Ready for an Internal Spruce Up?
I’ve always loved spring. There’s just something in the air that makes me want to put on my cleaning clothes and tackle all of those things that get neglected throughout the year—the walk-in attic, closets, garage—you know what I’m talking about. And then there’s the part of sprucing up for spring that involves sprucing up our wardrobes and external appearance. That’s the fun part!
This issue is packed with lots of ideas for your spring spruce up, so I thought I’d share a little motivation that came to me in my inbox about some internal sprucing up from life coach, motivational speaker and author Teri Savelle Foy. Her tips aren’t about external things like a clean house or cute spring outfits, but an internal sprucing up of your confidence, outlook and interactions with others. I think the timing’s perfect!
Here are some of Savelle’s tips:
1. Stop speaking negatively about yourself. Do not let one negative comment come out of your mouth about yourself again. Stop saying, “I am too short.” “I’m fat.” “I look awful.” You believe yourself more than anyone, so cut that stuff out of your vocabulary. Practice speaking positive affirmations over yourself. Your words create your image— negatively or positively.
2. Compliment other people. When we feel bad about ourselves, we often project that feeling onto others in the form of insults and gossip. In order to stop this bad habit, begin complimenting others. As you engage in building others up, you will, in effect, build yourself up. Practice having a conversation with someone where you do not say a word about yourself to them. Look for ways to focus on them by complimenting their attributes or achievements.
3. Get back to working out. Who cares if you haven’t gone back to the gym since signing up two months ago. You can still go back! Focusing on your body in a positive way can help you make huge strides towards overcoming insecurities. Don’t forget, by working out, you realize what your body is capable of and what it can do for you. These positives will begin to drown out any negative opinions you may have about your appearance. Working out allows you to focus on your body in relation to fitness and health, as opposed to perceived flaws.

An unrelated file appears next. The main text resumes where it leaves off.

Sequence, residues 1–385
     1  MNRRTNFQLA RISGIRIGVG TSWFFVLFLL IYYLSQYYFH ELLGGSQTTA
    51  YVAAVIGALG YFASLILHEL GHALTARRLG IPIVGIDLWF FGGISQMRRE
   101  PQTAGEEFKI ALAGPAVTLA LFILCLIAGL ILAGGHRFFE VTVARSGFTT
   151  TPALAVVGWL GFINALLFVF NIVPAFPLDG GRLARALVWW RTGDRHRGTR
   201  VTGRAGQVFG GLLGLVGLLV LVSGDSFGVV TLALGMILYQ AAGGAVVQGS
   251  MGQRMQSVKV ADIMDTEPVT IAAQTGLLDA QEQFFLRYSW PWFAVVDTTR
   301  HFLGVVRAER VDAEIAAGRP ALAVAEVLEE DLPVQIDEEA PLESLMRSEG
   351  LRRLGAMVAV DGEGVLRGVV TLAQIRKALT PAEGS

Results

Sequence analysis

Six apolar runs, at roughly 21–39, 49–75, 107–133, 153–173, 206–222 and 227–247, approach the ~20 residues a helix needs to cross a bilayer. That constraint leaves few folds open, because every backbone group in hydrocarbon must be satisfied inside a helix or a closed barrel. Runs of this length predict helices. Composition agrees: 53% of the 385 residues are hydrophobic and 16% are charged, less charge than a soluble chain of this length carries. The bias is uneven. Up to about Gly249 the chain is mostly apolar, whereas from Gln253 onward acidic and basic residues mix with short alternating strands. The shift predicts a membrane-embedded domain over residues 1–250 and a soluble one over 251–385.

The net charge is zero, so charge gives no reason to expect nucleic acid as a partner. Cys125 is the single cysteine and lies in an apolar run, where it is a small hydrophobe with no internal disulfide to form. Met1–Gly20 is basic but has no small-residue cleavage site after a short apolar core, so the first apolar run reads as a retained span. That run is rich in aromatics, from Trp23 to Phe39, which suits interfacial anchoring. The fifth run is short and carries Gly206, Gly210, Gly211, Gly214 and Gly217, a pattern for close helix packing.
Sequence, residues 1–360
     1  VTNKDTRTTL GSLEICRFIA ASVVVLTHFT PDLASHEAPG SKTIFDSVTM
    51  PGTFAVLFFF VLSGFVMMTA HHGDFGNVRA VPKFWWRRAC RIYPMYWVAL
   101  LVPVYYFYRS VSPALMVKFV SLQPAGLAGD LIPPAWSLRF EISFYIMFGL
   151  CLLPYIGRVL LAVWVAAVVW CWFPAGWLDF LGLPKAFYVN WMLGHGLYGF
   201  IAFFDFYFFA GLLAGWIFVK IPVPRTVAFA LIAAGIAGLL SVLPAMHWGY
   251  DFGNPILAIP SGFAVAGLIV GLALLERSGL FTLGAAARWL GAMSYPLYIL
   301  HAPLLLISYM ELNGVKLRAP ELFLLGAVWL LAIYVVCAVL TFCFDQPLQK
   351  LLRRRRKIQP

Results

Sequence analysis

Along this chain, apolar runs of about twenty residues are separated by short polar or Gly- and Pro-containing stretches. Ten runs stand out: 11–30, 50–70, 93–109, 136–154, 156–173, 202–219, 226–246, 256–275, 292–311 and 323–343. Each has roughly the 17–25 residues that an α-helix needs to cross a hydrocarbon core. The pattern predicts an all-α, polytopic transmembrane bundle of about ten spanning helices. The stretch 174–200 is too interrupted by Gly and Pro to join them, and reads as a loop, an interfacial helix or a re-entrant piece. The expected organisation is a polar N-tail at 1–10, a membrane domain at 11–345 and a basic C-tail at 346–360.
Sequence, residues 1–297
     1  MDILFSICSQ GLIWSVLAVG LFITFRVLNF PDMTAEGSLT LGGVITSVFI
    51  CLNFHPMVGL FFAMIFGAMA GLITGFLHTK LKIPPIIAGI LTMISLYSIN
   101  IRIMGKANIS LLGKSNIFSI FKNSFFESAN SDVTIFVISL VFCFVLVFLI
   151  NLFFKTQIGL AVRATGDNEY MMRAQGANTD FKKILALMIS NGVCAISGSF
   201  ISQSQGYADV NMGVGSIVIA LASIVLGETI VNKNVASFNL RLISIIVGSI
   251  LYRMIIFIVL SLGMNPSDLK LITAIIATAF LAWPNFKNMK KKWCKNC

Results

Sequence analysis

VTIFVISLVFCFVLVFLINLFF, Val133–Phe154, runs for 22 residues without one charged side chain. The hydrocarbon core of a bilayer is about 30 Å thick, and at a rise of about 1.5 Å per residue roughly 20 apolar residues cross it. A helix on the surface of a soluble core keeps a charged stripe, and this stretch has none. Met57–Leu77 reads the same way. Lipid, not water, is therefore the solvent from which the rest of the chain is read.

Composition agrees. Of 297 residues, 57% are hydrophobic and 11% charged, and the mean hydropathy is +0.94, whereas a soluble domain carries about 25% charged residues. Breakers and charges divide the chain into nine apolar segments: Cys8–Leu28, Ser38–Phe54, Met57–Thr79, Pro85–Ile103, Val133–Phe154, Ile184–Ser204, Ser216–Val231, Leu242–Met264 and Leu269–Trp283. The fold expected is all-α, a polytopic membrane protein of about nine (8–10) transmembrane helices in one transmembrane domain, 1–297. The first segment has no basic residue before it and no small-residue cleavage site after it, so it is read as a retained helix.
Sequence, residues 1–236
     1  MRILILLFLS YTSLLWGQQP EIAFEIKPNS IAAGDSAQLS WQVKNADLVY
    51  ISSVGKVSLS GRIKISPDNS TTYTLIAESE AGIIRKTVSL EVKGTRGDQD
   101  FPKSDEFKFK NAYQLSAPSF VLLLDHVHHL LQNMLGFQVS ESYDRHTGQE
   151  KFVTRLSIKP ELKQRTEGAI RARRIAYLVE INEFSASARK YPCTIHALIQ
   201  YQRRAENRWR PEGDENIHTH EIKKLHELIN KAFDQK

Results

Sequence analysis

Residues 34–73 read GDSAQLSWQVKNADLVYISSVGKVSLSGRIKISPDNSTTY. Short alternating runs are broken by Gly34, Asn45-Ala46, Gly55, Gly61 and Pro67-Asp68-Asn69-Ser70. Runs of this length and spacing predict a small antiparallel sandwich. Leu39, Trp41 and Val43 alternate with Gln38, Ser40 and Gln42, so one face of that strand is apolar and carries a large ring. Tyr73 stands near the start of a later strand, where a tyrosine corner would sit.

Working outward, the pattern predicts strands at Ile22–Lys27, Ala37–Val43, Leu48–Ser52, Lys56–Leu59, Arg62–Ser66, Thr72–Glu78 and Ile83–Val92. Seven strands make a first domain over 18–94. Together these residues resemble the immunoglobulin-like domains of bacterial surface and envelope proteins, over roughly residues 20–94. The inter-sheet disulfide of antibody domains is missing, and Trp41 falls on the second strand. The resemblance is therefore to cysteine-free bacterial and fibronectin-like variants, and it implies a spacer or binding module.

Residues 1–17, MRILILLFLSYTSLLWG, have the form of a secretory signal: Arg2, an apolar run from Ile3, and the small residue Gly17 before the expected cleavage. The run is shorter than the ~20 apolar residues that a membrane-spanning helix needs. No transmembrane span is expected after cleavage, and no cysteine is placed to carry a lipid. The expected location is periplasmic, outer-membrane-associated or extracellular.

4. Stand up straight. If you think highly of yourself, you hold yourself high. It’s that simple. Instant result: You’ll appear and feel more confident.
5. Setting goals builds confidence. T.D. Jakes said, “To not have a plan and just wake up every morning to see what the day brings is to live like a fool.” A confident person thinks about what kind of impact they can have on their world. Set goals for yourself. Live on purpose.
6. Helping others builds confidence. Use your pain to help somebody else. Talk to a teenager. Share your story. Volunteer. Give where you see vision. Encourage someone. Focus on contributing to others and it will cause you to get you off your mind. That’s what being self-conscious is all about—focusing on self. You won’t worry so much about your own flaws when you’re looking for opportunities to give back.
Karin Calloway is a wife and mother of two young adults. She’s also a journalist and recipe developer who writes the Wednesday cooking column for The Augusta Chronicle. You can follow Karin at twitter.com/KarinCalloway. Check out Karin’s cooking blog at www.cookingwithkarin.com.Edit Module